Utagawa Hiroshige (1797−1858), Kinkizan on Enoshima Island in Sagami Province (Sōshū Enoshima Kinkizan), Color woodblock print: aiban yoko-e uchiwa-e, 8⅞ x 11½ in. (22.5 x 29.2 cm), courtesy of Sebastian Izzard LLC Asian Art
Asia Week New York is excited to present our Summer 2021 Exhibition: Shades of Blue, which explores the many ways the color blue, especially in combination with white, transformed Asian Art. First produced by the Egyptians 6,000 years ago, the discovery of blue pigment, in the form of cobalt blue and indigo dyes, led to the creation of many now classic styles of decoration in Asian art. For example, blue and white porcelain became a major style of decoration from Safavid Persia to the Yuan, Ming and Qing dynasties of China and later throughout Asia, including Vietnam, Japan and Korea. Much admired throughout the world, it was also imitated in Europe.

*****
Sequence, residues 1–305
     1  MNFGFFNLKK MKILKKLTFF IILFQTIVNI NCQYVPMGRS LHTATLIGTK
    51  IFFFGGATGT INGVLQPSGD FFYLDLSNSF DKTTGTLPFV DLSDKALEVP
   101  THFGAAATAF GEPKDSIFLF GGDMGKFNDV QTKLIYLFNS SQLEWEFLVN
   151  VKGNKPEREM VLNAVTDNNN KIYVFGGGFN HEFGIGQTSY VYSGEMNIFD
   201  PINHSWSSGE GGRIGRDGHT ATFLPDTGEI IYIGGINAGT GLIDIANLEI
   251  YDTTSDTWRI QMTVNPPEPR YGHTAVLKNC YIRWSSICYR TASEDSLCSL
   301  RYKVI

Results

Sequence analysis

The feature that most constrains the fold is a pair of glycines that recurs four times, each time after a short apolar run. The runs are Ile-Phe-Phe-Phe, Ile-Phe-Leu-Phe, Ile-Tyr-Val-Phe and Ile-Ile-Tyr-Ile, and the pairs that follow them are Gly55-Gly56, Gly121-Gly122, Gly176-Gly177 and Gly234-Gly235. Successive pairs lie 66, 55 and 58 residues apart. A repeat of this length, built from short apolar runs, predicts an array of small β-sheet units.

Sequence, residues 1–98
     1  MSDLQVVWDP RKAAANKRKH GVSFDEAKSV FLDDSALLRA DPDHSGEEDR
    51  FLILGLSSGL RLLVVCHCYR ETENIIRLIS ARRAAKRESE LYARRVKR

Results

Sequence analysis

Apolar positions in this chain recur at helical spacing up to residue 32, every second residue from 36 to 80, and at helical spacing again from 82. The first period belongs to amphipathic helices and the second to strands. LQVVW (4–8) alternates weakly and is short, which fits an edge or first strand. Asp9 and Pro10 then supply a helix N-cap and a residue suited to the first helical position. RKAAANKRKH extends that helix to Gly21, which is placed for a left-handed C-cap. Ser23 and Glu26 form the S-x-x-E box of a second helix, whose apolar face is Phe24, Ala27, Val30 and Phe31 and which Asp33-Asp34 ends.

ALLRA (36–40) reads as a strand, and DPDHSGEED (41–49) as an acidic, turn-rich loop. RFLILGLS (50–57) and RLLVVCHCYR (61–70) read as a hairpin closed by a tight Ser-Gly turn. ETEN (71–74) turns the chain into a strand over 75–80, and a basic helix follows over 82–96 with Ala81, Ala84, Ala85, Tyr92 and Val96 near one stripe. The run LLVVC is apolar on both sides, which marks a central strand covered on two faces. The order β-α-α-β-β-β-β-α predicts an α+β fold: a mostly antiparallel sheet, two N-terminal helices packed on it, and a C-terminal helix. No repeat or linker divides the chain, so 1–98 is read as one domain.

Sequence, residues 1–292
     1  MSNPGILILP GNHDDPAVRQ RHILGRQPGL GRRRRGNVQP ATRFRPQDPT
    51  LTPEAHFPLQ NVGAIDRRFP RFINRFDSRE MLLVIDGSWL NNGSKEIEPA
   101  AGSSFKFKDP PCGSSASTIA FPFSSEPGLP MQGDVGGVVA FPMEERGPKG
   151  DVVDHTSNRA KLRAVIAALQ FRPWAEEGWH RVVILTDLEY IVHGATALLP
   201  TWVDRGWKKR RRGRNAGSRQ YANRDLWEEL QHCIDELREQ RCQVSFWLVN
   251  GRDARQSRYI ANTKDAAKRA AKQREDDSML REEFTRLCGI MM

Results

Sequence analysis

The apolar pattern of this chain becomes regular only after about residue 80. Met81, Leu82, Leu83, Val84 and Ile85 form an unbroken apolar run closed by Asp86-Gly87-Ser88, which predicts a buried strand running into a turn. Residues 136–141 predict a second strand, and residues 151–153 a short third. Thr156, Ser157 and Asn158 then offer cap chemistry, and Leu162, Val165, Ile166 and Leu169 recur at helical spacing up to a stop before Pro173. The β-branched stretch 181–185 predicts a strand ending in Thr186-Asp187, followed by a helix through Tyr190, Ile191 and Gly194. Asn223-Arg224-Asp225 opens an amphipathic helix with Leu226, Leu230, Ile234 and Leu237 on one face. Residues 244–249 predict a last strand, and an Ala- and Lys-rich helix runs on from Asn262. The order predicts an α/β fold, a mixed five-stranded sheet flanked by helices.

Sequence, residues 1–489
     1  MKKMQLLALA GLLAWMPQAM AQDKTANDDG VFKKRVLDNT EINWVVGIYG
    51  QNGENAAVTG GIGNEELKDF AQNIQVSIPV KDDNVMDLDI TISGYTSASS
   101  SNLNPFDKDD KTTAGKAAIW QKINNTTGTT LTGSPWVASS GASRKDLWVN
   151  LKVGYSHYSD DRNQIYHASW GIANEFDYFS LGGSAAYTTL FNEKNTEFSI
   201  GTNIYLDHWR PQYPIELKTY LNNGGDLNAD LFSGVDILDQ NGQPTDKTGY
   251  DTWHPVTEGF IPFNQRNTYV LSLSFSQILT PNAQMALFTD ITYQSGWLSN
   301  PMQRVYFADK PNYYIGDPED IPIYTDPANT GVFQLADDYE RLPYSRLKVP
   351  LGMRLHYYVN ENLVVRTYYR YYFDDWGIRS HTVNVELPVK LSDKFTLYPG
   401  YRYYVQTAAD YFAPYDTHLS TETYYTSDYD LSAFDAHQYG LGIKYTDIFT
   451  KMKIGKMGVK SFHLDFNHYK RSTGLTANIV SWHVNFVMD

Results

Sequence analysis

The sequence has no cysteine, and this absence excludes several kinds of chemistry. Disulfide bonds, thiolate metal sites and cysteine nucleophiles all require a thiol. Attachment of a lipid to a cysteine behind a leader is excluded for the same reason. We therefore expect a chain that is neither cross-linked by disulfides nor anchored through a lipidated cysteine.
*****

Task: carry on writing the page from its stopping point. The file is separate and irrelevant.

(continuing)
In the early 19th century with the introduction of Prussian blue, a genre of Japanese prints, known as aizuri-e, exclusively used blue, while indigo dyes were extensively used in many Asian textiles, notably in the rustic textiles of rural Japan and the tribal textiles of Southeast Asia and China.
The online exhibition, which features one work of art from each of the 29 galleries and 6 auction houses–Bonhams, Christie’s, Doyle, Heritage, iGavel and Sotheby’s, goes live today at 4pm and runs until August 15.